Fable Anniversary – Game Review and Analysis
By Dan Maurer
Release Date: February 4, 2014
Developer: Lionhead Studios
Fable Anniversary is the HD re-release of the 2004 game, with updated graphics, a streamlined interface and the addition of The Lost Chapters DLC. Otherwise it’s the same game from front to back. In a way, it feels dated in game-play-along with its low resolution cinematics, stiff controls and gameplay that often feels “antique”. The only significant new addition is Smartglass implementation, linking the game to your smartphone. Its supposed to show you an interactive map and even screenshots of what the original Fable looked like and while it works, performance is sluggish. Object interaction is awkward and the new graphics feel overly dark. Along with horrendous loading times and touches like having to return to the Guild every time you want to level up, this feels like a sloppy update to a classic Xbox game.
When Fable was first released, it was a good-looking title. Naturally though, what was impressive back then isn’t as hot now, and it doesn’t look too great nowadays if you take a look at any of the original’s screenshots. Thankfully, Lionhead’s HD remaster does wonders to the title, bringing it up to speed with visuals that rival what’s seen in the sequels. Albion and its inhabitants look as vibrant as they did ten years ago, colorful and fresh and cartoonish. Everything looks fantastic and pleasing, though a little more work could have been paid attention to NPC’s faces, which are mostly blank and occasionally muddy. While the remaster does everything possible to make Fable look great again, the animations in the game are the same ones seen in the original. This leads to some jerky movement, combat, and NPC’s that move and behave erratically when walking around towns and beaten paths.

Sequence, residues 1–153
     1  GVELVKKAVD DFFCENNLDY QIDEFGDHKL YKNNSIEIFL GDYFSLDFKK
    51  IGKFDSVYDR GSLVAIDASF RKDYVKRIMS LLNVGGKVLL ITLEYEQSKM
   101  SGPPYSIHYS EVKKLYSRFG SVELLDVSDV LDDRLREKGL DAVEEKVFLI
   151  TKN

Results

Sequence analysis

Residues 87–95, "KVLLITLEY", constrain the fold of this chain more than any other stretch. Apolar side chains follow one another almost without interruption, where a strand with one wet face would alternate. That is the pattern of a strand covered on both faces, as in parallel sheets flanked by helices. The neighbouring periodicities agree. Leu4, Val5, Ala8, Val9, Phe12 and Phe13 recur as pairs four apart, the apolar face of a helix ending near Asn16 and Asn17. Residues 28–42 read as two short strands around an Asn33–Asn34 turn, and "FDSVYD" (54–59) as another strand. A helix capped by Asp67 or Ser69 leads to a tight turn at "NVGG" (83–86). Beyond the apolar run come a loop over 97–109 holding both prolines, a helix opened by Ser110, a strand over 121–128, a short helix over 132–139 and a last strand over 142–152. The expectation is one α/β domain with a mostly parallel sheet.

Disappointingly, however, there are some noticeable frame-rate issues, particularly early on in the game. The colorful and cartoonish style is a good fit for a series that doesn’t take itself too seriously, and it’s nice to see the world of Albion benefit from an injection of color and smoother edges. It’s not a game-breaker and isn’t persistent throughout, but considering the HD visuals are one of the Anniversary Edition’s biggest selling points, it seems rather sloppy. Elsewhere, the controls have also undergone a transformation and have adopted the same scheme used in Fable 2 and 3.
Thankfully, the game is mostly very easy. There are some instances where the game borders on madness(the rock troll stage in the Arena is a key example) but this is due to the sluggish controls making targeting enemies a hassle. For the most part, Albion is wondrous and a joy to inhabit, brought to life with humor and its new HD appearance. There’s a ton of stuff to do, including unlocking Demon Doors, collectible silver keys, and even the decent Lost Chapters DLC.
While areas of the game could have benefited from a bit more polish, Fable Anniversary Edition is a decent attempt at trying to reinvent a classic game from the original Xbox days. In some ways it succeeds while in other ways it feels like more time could have been spent to bring out the original beauty of Albion.
PunchDrunkGamer.com FINAL SCORE: 7 out of 10
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